We’re snowed in here at Toad Hall, which is always nice, especially when we’ve got all the essentials. Not necessarily listed in order of importance: 4 working flashlights, batteries, enough firewood to last us until next year, bags and bags of pellets for the wood stove, food, lots of downloaded movies and beer. The dodgy phone service is fine, but the downside of the isolation is that it’s taken me all afternoon to upload this entry. Our internet stick is slow, slow, slow…akin, technologically, to sending messages by carrier pigeon.
Speaking of pigeons, yesterday we went to see The Hobbit but with all that snow it took us about 20 minutes just to scrape off the car before we could leave. We were distracted momentarily by one of those other-worldly events. In the quiet of the cold but sunny afternoon there was a sudden thrush of movement overhead. Scores of mourning doves flew out of the trees around us, an impressive show since we usually see the doves in sets of two or four, not in flocks. It appeared that they had been silently watching us, unnoticed. What made them fly away? One of their number was in the clutches of a Cooper’s Hawk that landed not thirty feet from us on the driveway. My phone was left behind so I couldn’t take a picture, but it’s just as well because I would have missed the moment.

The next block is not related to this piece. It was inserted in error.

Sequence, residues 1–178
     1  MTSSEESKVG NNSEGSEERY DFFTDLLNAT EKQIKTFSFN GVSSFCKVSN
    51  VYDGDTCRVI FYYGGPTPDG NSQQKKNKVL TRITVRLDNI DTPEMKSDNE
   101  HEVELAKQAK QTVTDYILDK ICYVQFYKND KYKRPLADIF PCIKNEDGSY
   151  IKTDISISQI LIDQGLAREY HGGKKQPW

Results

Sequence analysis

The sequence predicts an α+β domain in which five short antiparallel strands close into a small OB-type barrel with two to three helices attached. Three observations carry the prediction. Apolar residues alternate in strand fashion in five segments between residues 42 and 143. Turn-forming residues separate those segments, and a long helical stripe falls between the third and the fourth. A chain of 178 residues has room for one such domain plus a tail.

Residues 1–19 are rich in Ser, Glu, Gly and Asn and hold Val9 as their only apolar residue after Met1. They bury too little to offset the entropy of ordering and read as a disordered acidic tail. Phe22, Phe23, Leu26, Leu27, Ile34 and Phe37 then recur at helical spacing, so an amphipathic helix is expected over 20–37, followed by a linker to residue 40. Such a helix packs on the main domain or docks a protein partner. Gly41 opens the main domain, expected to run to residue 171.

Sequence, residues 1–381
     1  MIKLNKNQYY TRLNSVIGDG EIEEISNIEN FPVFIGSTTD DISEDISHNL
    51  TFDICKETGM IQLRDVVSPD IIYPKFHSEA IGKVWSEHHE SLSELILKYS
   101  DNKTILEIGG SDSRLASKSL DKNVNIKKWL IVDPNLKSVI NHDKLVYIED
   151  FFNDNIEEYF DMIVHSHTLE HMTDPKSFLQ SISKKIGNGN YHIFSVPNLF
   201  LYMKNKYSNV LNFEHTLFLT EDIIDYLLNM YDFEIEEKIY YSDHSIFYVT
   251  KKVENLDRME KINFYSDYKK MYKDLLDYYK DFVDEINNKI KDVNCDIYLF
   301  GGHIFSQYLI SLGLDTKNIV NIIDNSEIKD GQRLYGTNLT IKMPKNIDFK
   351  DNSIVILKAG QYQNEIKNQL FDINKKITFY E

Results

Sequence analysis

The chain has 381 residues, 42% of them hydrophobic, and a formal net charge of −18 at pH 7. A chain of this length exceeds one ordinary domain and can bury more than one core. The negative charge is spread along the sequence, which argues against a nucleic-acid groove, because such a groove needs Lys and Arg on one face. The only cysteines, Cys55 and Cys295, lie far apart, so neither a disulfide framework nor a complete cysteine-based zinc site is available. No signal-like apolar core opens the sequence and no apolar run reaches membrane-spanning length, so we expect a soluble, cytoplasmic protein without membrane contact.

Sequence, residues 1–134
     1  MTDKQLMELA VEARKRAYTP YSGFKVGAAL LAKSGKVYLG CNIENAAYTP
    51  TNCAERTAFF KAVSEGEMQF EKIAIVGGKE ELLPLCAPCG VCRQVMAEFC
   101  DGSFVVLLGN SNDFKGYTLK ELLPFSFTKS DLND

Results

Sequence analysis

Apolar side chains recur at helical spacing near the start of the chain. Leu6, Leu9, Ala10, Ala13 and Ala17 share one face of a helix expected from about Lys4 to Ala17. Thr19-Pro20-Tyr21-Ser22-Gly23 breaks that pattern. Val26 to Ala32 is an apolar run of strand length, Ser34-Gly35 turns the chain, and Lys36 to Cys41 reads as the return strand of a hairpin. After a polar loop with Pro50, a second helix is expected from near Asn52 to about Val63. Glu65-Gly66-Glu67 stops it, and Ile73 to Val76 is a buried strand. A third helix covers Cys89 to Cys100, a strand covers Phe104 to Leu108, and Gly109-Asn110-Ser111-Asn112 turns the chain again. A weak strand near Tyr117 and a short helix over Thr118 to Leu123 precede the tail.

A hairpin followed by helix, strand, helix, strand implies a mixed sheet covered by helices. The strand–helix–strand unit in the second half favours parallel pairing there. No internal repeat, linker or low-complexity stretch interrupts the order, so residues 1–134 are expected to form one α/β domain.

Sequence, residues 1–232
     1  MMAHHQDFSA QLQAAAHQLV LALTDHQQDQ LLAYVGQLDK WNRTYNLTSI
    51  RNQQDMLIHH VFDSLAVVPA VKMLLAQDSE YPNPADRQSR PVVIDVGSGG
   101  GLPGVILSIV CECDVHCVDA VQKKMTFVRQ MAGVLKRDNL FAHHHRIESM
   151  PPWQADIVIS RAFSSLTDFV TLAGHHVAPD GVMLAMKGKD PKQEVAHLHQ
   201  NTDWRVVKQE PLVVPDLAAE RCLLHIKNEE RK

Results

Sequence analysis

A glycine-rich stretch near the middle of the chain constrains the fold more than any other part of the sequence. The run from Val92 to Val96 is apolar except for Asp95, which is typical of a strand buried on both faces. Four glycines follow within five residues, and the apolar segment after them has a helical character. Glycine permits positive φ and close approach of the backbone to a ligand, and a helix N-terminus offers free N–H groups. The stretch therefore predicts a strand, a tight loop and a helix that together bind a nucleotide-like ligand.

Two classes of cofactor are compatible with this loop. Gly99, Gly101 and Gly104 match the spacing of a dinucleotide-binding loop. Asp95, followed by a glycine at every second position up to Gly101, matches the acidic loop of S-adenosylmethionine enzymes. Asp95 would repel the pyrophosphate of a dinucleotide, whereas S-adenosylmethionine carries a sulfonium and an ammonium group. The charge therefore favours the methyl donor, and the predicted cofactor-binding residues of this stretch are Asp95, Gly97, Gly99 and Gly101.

At one time in my life I might have picked up something to throw nearby in a futile attempt to distract the bird from his lunch, but the beauty of the hawk was overwhelming, and I felt privileged to be allowed to be so close to him. He didn’t move right away as I walked to within 15 feet of him, then he flew over the shrubs and landed again still holding onto the unmoving dove.
I’ve since discovered that this particular hawk kills its prey by squeezing it to death in its talons before it starts pulling off feathers. Needless to say, it was with a heavy heart that I watched the mourning doves congregate underneath our feeder this morning. Every time we counted there were odd numbers. Probably just a coincidence.